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Ask the Botanist

Ace Acer

Our ace botanists are here to help you identify wild New England plants and to answer questions about their ecology and conservation. When posting a question, please provide the location, habitat (e.g. river, mountain, woodland), and photographs of the plant.

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All Questions and Answers

Recently Answered Questions

  • Question
    I've noticed a pine on the Joppa Flats property that I haven't noticed before. It looks to me like Pinus mugs, with the short, bluish needles. It looks to have been planted, so I guess that is why it is missing in the distribution map for Essex County. Could you confirm or correct for me?
    Answer
    chaffeemonell, good morning. I'm not certain you have photographed Pinus mugo. The upright habit isn't typical, but the winter buds look very large for this taxon. The winter buds suggest Pinus sylvestris. If it is planted, then it would not be included on Go Botany (the only plants mapped their are wild or naturalized). (Wednesday, 18 September 2019)
  • Question
    Hi: Any thoughts on a species ID for this aster...growing in a field, up to 4 ft. high. Thanks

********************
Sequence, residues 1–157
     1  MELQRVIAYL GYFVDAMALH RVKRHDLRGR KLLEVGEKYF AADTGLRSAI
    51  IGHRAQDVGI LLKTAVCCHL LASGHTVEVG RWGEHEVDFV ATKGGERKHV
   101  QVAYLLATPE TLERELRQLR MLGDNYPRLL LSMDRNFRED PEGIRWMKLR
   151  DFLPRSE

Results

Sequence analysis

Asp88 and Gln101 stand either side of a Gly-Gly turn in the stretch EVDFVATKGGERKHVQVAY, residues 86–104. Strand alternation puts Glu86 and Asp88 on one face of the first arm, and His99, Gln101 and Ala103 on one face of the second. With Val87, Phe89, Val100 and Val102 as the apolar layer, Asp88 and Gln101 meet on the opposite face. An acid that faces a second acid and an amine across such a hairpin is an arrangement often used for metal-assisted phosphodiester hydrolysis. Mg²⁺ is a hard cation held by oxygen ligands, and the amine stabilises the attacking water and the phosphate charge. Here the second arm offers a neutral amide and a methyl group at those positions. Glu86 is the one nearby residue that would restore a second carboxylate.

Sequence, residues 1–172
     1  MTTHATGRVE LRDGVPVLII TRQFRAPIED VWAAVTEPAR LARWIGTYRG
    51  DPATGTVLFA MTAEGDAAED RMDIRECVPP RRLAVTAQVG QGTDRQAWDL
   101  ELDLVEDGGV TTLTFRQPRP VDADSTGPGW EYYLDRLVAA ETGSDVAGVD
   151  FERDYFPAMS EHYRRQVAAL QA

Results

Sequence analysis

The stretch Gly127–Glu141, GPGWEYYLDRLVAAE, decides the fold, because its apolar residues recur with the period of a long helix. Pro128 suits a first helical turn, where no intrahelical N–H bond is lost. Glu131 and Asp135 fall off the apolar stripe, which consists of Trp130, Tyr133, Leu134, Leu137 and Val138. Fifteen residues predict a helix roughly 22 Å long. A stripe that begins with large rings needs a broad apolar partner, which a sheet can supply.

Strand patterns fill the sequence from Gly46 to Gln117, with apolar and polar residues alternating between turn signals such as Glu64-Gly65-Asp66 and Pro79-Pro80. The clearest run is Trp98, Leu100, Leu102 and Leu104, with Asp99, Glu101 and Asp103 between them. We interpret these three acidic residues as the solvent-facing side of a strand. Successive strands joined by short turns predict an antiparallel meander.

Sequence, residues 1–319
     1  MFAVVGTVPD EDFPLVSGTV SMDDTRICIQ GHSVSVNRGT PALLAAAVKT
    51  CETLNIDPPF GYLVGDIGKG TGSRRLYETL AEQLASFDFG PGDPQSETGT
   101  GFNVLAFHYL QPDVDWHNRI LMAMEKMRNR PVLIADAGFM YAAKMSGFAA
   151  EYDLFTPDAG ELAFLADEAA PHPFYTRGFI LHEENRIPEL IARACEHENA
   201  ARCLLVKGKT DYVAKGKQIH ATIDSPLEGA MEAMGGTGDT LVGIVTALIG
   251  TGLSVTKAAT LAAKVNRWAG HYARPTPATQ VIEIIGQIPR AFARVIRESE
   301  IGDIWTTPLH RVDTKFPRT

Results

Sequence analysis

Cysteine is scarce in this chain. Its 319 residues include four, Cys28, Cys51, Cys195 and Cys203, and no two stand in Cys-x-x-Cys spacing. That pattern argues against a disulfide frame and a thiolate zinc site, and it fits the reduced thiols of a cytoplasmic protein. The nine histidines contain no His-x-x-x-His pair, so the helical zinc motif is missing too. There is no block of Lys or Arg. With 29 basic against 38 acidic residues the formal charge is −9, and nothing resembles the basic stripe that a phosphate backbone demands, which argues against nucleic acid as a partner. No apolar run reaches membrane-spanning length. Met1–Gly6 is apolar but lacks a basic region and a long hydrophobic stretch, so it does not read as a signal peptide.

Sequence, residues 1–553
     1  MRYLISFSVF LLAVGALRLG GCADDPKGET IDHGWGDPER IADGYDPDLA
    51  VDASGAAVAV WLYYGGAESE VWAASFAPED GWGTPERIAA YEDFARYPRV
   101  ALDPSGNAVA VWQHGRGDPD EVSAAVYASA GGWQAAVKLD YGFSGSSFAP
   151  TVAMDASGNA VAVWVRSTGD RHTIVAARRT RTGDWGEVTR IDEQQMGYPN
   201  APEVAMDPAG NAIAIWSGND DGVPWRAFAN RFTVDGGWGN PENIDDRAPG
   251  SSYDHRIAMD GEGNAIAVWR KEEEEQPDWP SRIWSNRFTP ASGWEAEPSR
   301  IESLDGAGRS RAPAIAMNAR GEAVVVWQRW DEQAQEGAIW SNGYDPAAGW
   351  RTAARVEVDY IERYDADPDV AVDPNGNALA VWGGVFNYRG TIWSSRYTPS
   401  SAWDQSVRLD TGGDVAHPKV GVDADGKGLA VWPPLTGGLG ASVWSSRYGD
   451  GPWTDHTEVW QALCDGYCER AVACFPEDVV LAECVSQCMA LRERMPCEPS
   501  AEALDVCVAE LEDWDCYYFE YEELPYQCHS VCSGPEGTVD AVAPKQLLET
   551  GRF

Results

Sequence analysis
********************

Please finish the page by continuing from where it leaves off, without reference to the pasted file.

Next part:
Answer
    Dear JMP, it is hard for me to be confident without a close-up image of the involucral bracts, but it appears you have photographed Symphyotrichum pilosum (awl American-aster), a native species of open habitats. Best wishes. (Wednesday, 18 September 2019)
  • Question
    Hello, I would like help please with classification of Hypopitys. GoBotany recognizes two species currently, which I think is fairly new? I found this plant in the Blue Hills which matches the criteria for H. languinosa: pink stem, flowering in late Aug. Is that definitive? The distribution map on GoBotany does not document it in Milford County https://www.inaturalist.org/observations/32031443 Thank you
    Answer
    Dear ljcost, If you have an image you could upload or sent to me (ahaines@nativeplanttrust.org) I could help you with the identification. Deep pink to red stems during flowering are definitive (know that Hypopitys monotropa can become tinged with pink in fruit, but it is pale in flower and the coloration is fruit is quite muted compared with H. lanuginosa). I am not aware of Milford County in New England. Do you mean Norfolk County? (Wednesday, 18 September 2019)
  • Question
    This was along the trail, on dry forest floor, around Sandy Pond in Lincoln, MA. There were a couple of other specimens nearby.
    Answer
    Dedar Whbn3, good morning. This plant is Pyrola americana (round-leaved shinleaf). Some specimens of this native plant have light colored veins on the leaves (as yours does here) and some do not. (Wednesday, 18 September 2019)
  • Question
    I've been wondering recently if Marsh Elder and Common Ragweed might be related more closely than just being in the same family (Asteraceae). They have unusual and markedly similar flowers. Perhaps the same Tribe or Subtrribe? Are there any other genera that have similar flowers/fruits?
    Answer